David OutsiderXchangeS Reflections

We sat with David today to have a chat about his work and collaborations on the OutsiderXchangeS project. Here are his thoughts:

“I’m trying to make the original painting come alive more by putting bits on top of it.

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I’ve got socks from Southport which have lots of different designs, I picked them because they are colourful and different and they blend in with my painting. They also remind me of the animations I did with Matt early on in this project.

I’ve got some jewellery and beads which I’ve brought from home which a family friend passed on to me, I’m adding them to the picture as well because they are so different.

I like things being different, I like to do something different that no one else has done before. It is unique.

I’ve been looking at different established artists to add elements and how they work into my work and it has ended up looking nothing like their work, but has turned into something quite unique.

It is boring just being the same, it is more exciting to be different and unique.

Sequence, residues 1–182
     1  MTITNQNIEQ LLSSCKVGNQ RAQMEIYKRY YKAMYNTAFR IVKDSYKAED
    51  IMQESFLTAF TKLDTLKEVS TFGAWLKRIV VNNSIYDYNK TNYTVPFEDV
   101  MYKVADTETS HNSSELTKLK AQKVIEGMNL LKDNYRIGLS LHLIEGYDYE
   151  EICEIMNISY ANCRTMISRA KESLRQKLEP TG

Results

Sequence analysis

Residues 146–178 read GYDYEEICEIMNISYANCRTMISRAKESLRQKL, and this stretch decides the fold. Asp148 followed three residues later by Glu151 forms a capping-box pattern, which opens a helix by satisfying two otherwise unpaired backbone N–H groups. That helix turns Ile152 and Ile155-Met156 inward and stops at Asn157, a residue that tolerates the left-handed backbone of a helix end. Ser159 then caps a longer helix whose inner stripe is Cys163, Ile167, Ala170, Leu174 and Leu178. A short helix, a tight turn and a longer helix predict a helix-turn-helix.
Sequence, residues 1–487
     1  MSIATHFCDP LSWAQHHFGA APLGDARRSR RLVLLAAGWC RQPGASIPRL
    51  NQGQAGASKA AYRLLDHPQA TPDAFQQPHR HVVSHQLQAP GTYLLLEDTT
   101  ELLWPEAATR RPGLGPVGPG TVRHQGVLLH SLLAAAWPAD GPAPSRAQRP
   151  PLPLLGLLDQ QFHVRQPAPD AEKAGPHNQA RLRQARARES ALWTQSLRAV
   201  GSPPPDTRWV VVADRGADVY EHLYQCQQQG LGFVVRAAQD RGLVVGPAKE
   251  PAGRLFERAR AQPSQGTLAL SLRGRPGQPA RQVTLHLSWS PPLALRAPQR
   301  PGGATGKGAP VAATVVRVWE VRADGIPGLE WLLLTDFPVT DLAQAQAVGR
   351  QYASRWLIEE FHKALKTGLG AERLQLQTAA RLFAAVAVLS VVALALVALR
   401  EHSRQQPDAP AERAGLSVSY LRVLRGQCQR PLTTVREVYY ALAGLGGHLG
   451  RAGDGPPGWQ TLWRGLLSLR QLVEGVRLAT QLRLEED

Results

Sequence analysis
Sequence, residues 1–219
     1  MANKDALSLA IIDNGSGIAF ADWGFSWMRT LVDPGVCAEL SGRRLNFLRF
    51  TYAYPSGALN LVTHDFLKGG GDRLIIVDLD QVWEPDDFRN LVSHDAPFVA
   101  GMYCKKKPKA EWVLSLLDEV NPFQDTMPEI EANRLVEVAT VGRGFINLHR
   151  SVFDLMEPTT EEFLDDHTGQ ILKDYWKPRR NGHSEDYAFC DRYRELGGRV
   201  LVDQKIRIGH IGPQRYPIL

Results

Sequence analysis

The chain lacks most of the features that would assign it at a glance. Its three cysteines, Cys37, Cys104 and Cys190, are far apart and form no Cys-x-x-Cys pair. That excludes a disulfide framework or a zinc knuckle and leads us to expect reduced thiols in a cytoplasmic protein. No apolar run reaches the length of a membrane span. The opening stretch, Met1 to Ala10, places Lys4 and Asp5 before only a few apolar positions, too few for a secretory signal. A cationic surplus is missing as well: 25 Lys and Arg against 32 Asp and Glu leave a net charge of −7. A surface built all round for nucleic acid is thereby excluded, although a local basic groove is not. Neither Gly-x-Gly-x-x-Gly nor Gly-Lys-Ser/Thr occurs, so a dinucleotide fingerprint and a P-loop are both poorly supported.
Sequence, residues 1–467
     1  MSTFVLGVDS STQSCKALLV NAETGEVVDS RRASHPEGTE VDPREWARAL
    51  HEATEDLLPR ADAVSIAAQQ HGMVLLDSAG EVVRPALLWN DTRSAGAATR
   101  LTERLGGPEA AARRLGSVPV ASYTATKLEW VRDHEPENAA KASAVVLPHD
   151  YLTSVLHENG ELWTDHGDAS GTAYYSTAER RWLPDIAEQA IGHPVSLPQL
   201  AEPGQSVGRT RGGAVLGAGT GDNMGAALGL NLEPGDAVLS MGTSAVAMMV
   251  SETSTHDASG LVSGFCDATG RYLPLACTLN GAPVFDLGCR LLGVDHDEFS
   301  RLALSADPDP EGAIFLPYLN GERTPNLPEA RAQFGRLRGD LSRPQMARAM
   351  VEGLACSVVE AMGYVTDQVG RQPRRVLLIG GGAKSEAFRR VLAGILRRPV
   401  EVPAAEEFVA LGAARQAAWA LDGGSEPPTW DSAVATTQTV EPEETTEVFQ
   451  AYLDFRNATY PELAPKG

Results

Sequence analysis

Collaborating I’ve been working with Matt and animating figures with my work on top of them. This added to my work, because I started to add the shapes of characters into my work. When I’ve completed this it would be great to then go back with Matt and animate the dinosaurs and fishes in my work and to see how they look, I don’t know if that will be possible but that’s the fun of this work and collaboration.

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Today I also did some interesting work with Roseanne which included sound, she has a set up that picks up minute sounds of springs and pen scratches using special microphones that pick up tiny noises. It sounds really unique and unusual. I added and dragged a bead necklace on the microphones which was recorded. This made me think about bringing sound similar to this into my main work, creating abstract noises for the animals and their movement which may then add to the animation work I want to explore with Matt.

Working on this project has been great, the development of using different art, collaborating and my artwork improving as well.”

“I was the assembly hall” – Horace